Skylights for Schools

Part of the philosophy of HDF is to take on projects that have meaningful impact, measurable results and, to the extent possible, no administrative cost. We want to be able to say with confidence to our donors that every dollar invested goes directly to providing maximum good.

To that end, we have direct experience in knowing the need for skylights in school classrooms and the impact this simple project can make on the quality of the lives of school children and their teachers. The installation of these skylights  provides additional radiant heat and light which directly improves the learning that occurs.

When Jay and Don were at the Chhulemu school and asked what was most needed, the headmaster replied by asking for the purchase and installation of kerosene or wood burning stoves for each of the classrooms. No heat was then being provided to the classrooms and in colder months when school was in session (they are closed completely during the coldest two months of January and February) temperatures in the classrooms were such that students and teachers would have to wear winter outerwear of coats, mittens and caps. Jay and Don resisted that request because of the initial capital outlay and, more importantly, because of the ongoing expense each new stove would then elicit. Fuel of either sort would have to be purchased or procured some distance away and carried in by pack animal or porter. Further, the burning of wood would exacerbate a nationwide deforestation problem and create harmful fumes.

The standard for school construction calls for corrugated metal panels being fitted and sealed together across the expanse of a school’s roof.  Typically, the underside of that exterior roof is also the interior ceiling in each of the rooms of the school.  What is also typical, is there is one single, small window in the rooms and, since there is no or nominal electricity serving the schools, the only light in the classrooms is natural light that comes in through that little window or the doorway that opens to the outside.  (Of course, that open door also lets in cold air in the winter.)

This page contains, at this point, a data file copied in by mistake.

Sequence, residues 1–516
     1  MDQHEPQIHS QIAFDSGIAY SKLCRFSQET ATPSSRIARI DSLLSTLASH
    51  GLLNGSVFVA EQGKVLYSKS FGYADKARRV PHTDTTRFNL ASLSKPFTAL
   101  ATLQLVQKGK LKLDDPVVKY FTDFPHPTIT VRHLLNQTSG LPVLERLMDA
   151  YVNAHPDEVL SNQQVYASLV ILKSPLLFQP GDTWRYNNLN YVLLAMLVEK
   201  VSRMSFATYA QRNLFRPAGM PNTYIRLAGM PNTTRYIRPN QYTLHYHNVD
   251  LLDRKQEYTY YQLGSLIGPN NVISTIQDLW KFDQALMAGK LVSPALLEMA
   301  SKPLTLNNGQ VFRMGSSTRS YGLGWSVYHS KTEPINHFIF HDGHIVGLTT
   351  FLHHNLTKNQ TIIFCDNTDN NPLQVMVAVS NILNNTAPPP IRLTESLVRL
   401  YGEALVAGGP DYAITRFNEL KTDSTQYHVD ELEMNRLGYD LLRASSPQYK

Interior of Classroom

Another Shot of Classroom Interior–Light Provided Through Open Door

In another nearby school, Jay and Don had seen classroom roofs/ceilings retrofitted to provide natural light and radiant heat. A panel of corrugated metal, say six feet long by two feet wide, was removed and in its place was installed a corrugated panel of equal size, but made of translucent fiberglass. The materials were purchased in Salleri (two days’ walk away), and portered in. As an added benefit to the local economy, the village carpenter was hired to do the installation.

Voila! For minimal dollars the room in instantly transformed with natural light and radiant heat, without opening the door. Students can see better and stay warm. No stoves needed to be purchased, fuel is not required and there is no ongoing adverse impact to the environment.

Interior of Classroom After Skylight Installation

 

Exterior Shot of School After Installation of Skylights

Once we gained experience in actually doing this project and knowing its impact, we replicated it in other schools in the area. With the installation of one skylight for each room, an average school can be retrofitted for an approximate cost of $500. Through 2015, HDF installed skylights in 20 local schools and an orphanage at a local monastery. We consider this project complete. Below are pictures of some of those schools in the area.

Changa School

Deku School

 

Hewa School

Purdu School

 

Ringmu School

Yepale School